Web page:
@tylerl, Nope. The protection only goes to privileged big boys like Google etc. It's not a solution that would scale. If you had a site my_site.com and you tell Google to add my_site.com to their preloaded STS list in Chrome, they would simply ignore you. And even if STS list is implemented, it still wouldn't stop the MITM attacks. –  Pacerier Jan 16 at 13:34
@Pacerier it really is open to anyone. Here is where you add your site: hstspreload.appspot.com –  tylerl Jan 16 at 15:25
@Pacerier Sts doesn't stop mitm, but pinning does. And chrome supports pinning via your STS entry. –  tylerl Jan 16 at 15:27

As of January 1, 2015 all EV certificates are required to have public audit records (Signed Certificate Timestamps). The most common way of including these records is through Embedded SCTs. This method includes a new certificate extension/OID ( in the certificate file itself.

For OV and DV certificates, you can request that your CA add your certificates to its CT logs. I know that DigiCert will do this. Eventually, these certificate types will likely also be required to have CT enabled.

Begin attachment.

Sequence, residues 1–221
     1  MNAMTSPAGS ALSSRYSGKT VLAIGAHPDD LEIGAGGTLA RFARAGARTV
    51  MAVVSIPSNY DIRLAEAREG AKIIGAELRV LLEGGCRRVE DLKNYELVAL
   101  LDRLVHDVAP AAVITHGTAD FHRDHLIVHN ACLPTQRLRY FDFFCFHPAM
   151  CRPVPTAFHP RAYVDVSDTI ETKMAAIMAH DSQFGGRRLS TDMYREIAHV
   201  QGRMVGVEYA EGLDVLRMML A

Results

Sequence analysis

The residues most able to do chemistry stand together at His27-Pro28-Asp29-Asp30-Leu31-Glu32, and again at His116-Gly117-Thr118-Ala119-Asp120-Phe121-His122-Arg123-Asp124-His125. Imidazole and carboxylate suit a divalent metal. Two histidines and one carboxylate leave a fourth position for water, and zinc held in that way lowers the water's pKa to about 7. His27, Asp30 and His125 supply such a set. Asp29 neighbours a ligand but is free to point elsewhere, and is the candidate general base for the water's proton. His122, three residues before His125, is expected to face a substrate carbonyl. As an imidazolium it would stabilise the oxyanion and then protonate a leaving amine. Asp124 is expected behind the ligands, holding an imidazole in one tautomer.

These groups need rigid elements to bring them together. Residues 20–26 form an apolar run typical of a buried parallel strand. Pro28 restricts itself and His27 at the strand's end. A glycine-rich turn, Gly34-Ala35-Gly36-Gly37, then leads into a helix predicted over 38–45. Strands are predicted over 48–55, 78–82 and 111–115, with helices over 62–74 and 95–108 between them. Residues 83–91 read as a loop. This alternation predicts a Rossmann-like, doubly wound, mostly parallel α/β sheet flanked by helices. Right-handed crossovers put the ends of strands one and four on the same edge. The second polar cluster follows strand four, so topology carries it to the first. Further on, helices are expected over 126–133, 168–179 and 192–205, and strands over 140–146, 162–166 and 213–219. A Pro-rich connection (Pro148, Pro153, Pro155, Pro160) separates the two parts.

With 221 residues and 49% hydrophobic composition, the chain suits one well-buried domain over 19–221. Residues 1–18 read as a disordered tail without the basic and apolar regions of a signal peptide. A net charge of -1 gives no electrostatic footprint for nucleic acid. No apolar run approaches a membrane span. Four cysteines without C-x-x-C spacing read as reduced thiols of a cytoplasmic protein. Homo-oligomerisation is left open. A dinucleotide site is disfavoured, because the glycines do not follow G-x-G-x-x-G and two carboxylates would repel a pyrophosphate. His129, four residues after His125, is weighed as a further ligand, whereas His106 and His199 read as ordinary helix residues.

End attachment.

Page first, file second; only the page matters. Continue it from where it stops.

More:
In order to have the SCTs embedded, you'll need to reissue any certificate you'd like to have the Public Audit Records after your CA has enabled them for your certs.

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This is a project by Google called Certificate Transparency that attempts to fix flaws with the SSL certificate system.

It essentially has three main goals. (Lifted from http://www.certificate-transparency.org/what-is-ct)

  • Make it impossible (or at least very difficult) for a CA to issue a SSL certificate for a domain without the certificate being visible to the owner of that domain.
  • Provide an open auditing and monitoring system that lets any domain owner or CA determine whether certificates have been mistakenly or maliciously issued.
  • Protect users (as much as possible) from being duped by certificates that were mistakenly or maliciously issued.

Source: http://www.certificate-transparency.org/certificate-transparency-in-chrome